Sometimes it’s nice to save the best for last, and this Where Are They Now? episode is near and dear to my heart. If you remember AskPat 2.0 Episode 1057, we’re bringing Stacey back on the show to find out how things have gone for her since we talked in January. Spoiler alert, they’re going gangbusters.
Stacey helps teachers make more money at Side Hustle Teachers, which offers courses to get started with a business. Since we last spoke, she’s been really focusing on communicating with her audience through the Side Hustle Teachers Facebook Group and via direct emails. She’s a ConvertKit user, and she’s configured it to let her see if someone’s clicked through on an email to her page but not made a purchase. [Full Disclaimer: As an affiliate, I receive compensation if you purchase through this link.] She reached out to those warm leads to see where they got stuck, and that’s when she realized that there was demand for another course that she wasn’t yet offering.
We also talk about how Stacey has been able to organically grow her Facebook group without spending anything on advertising. Again, it comes down to a personal touch, as she’s active in several other communities and simply responds when people specifically ask for help making more money or starting a side hustle. It was amazing talking to her and seeing how far she’s come. The sky’s the limit for Stacey, so we go over how to take a step back and stay intentional building the business you want, instead of just growing for growth’s sake. As we wrap up 2019, I hope this story gives you the inspiration and energy you need to hit the ground running in 2020. Happy holidays, Team Flynn, and have a happy New Year!
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Pat Flynn: What's up everybody? Pat Flynn here and welcome to Episode 1,100 (air horn sounds). That's my made up horn noise, but wow, what an amazing way to end the year here. It is December 26th. Merry Christmas to those of you who celebrate. Happy Hanukkah. All the good things. All the holidays. And today we are finishing off the year with an amazing episode. Not just because it's Episode 1,100, but because we're going to be doing another, Where Are They Now episode. This time, and I mentioned this in the last episode, this is my favorite of the bunch. I mean, I love them all. They're all great success stories. Everybody's taking action and seeing results, but this one in particular I love because this person is helping teachers and I have grown to love many of my teachers growing up and especially the teachers that are now teaching my own kids. And just to see how much they work and how hard they work and how little they get in return. It just blows my mind.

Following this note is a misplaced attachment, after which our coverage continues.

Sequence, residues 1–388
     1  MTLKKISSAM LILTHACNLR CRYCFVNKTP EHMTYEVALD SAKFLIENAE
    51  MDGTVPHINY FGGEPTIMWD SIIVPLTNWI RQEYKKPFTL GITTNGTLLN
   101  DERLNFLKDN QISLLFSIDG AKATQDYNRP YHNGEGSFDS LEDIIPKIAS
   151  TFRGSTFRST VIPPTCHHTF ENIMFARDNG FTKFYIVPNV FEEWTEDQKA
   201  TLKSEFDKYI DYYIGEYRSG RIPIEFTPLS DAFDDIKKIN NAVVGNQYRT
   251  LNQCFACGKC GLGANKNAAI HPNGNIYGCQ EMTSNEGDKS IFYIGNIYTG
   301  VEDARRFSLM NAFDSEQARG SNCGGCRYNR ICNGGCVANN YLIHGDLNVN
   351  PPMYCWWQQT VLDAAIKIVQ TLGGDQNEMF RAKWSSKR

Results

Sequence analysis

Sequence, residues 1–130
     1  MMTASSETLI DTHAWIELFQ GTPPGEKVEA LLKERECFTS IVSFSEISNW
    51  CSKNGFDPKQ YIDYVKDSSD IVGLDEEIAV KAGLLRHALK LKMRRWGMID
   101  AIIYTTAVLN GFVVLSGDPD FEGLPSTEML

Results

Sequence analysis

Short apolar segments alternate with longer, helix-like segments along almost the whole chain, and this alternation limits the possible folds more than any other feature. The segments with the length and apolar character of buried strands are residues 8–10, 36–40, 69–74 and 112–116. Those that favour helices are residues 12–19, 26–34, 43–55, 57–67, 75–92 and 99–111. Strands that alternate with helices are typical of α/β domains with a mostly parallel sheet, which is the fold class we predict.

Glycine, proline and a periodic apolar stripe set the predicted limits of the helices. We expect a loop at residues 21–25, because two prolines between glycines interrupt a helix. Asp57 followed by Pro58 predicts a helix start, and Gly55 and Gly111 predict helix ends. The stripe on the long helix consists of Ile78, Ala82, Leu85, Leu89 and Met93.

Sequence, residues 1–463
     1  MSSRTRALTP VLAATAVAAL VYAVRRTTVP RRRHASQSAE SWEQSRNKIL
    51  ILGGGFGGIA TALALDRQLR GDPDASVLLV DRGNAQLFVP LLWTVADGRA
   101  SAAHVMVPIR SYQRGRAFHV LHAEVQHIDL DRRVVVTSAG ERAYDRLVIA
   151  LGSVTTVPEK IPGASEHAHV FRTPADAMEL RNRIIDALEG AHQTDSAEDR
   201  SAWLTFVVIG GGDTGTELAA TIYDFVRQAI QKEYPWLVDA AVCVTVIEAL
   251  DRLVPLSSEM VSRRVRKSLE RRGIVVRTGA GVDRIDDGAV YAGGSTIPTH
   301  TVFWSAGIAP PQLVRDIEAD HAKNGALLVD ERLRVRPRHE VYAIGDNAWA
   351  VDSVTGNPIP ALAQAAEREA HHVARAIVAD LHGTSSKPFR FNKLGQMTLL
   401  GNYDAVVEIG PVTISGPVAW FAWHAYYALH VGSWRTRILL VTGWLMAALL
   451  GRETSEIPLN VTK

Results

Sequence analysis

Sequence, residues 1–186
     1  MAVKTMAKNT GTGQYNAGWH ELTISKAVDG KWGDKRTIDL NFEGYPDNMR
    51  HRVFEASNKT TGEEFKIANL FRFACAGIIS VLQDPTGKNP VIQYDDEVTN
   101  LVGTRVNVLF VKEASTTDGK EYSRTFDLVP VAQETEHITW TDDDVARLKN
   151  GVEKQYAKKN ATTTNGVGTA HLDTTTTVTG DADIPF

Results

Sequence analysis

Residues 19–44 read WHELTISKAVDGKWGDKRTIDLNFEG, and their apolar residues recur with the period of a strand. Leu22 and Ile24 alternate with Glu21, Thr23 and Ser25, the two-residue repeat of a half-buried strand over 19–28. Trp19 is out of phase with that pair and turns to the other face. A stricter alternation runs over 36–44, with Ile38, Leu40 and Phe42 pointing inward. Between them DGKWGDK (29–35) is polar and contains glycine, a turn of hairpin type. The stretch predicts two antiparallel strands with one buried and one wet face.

And what I love about Stacey's business at Side Hustle Teachers is she helps teachers make more money. And her tagline is “being a teacher doesn't mean you have to be broke or burnt out.” And she helps teachers create little side businesses so they can earn a little bit more money and do something else. And I love that idea. And so Stacey came on in Episode 1057, way back in January, and she took some action and a lot of things happen that she's going to talk about today. And even a pivot and something unexpected happened as well. That means more people are going to get helped. And you'll hear how this perfectly aligns with something that I did as well. Something that we should all do in our businesses. Stacey just found this out by listening to her audience. You'll hear what it is in just a minute. So make sure you stick around. You don't want to miss this one. So let's just get right to it. Here she is. Stacey Ogden from Side Hustle Teachers.
Stacey, welcome back to AskPat 2.0. Thanks again for coming back.
Stacey Ogden: Well, thanks for having me again.
Pat: I hear there's some exciting things happening related to sort of what's going on in your business and it's been since Episode 1057, which was published in February of this year. We're almost at the end of the year now. What has happened since?